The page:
Fifty years ago this month an explosion of social protests and brutal police repression rocked the Philippines, launching a series of demonstrations and street battles that lasted from January to March. The events came to be known as the First Quarter Storm (FQS). What follows is the second in a series of articles examining the history of the events and ideas of the storm. Those interested in further details, or citations for the facts and quotations below, are encouraged to consult my dissertation, Crisis of Revolutionary Leadership.

January 26

As 1970 opened Ferdinand Marcos had just secured re-election, becoming the only President in Philippine history to do so. The election was likely the bloodiest and most corrupt the country had yet seen. Entire towns had been burned to the ground in a manner that was being compared in the press to the massacre carried out by American soldiers at My Lai, an event which had just come to public awareness. Sergio Osmeña Jr., the defeated rival candidate, famously remarked, “We were outgunned, outgooned, and outgold,” although it might be said, that it was not for want of trying.

Monday, January 26, was the newly re-elected President’s State of the Nation Address. Anticipating unrest, Metrocom, the unit of the Philippine Constabulary operating in Metro Manila, made preparations to suppress it. Two organizations were granted permits to rally in front of Congress, the National Union of Students of the Philippines (NUSP) and Ang Magigiting [The Brave], the political vehicle of radio personality Roger Arienda, while the Partido Komunista ng Pilipinas (PKP) youth organ, Malayang Pagkakaisa ng Kabataang Pilipino (MPKP), was able to secure a permit to stage a protest behind Congress. Neither of the youth organizations affiliated with the Communist Party of the Philippines (CPP), the Kabataang Makabayan (KM) and the Samahan ng Demokratikong Kabataan (SDK) were able to obtain a permit at all. As late as January 22, there was still discussion in these organizations as to how best to protest during the State of the Nation address. The University of the Philippines Student Council (UPSC) chaired by Jerry Barican of the SDK stated that it intended to demonstrate to “clarify its stand on the Constitutional Convention and to bid for public support.” They weighed holding a separate rally at Plaza Miranda, where, Tagamolila reported, the Kamanyang Players would perform, “reinforcing the issues with dance and drama.” This proposal wound up being rejected and the UPSC, KM and SDK all decided to join the NUSP rally in front of Congress.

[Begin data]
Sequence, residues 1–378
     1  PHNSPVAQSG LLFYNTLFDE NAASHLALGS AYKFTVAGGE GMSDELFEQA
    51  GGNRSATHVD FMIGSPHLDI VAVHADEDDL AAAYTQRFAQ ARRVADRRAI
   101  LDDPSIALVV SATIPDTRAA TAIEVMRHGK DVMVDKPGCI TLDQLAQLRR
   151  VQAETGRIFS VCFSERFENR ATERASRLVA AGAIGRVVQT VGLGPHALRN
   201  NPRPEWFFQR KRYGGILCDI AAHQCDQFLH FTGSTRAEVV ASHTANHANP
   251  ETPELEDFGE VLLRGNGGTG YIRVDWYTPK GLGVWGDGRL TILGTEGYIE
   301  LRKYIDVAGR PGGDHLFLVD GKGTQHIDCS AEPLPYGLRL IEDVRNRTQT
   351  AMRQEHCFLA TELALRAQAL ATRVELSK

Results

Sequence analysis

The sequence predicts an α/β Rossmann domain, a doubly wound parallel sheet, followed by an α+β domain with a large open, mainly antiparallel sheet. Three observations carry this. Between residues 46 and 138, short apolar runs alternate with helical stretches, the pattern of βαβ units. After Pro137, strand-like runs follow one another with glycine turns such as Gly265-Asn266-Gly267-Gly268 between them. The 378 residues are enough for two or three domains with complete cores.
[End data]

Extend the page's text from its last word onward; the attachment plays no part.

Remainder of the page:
Major Yson adjusts speakers, insisting that Marcos’ State of the Nation broadcast be directed at the protesters rallying on January 26.

Opening the first session of the Seventh Congress, on Monday, January 26, Fr. Pacifico Ortiz — the president of Ateneo University — delivered an invocation. The country was standing, he intoned, “on the trembling edge of revolution.” Marcos delivered his State of the Nation speech, which he entitled “National Discipline: the Key to our Future.” Marcos had ordered speakers to be set up in front of Congress to broadcast his speech, overpowering the public address system of the protesters, whose “lone amplifier was … drowned out by four loudspeakers set up by the Army Signals Corps.” The protesters dispatched a representative who quickly met with Senator Aquino to request that Marcos’ speakers be taken down, but they were not removed. Newspapers estimated that forty thousand people rallied outside of the halls of Congress, while “the number of security forces mustered for the occasion was estimated at 7,000” Arienda’s group had brought a mock coffin which they said symbolized the death of democracy, while a separate group of demonstrators from UP carried a papier-mâché crocodile with a dollar sign on its belly and they set the crocodile on top of the coffin.

Coffin labeled democracy …
… and papier-mache crocodile from the January 26 rally.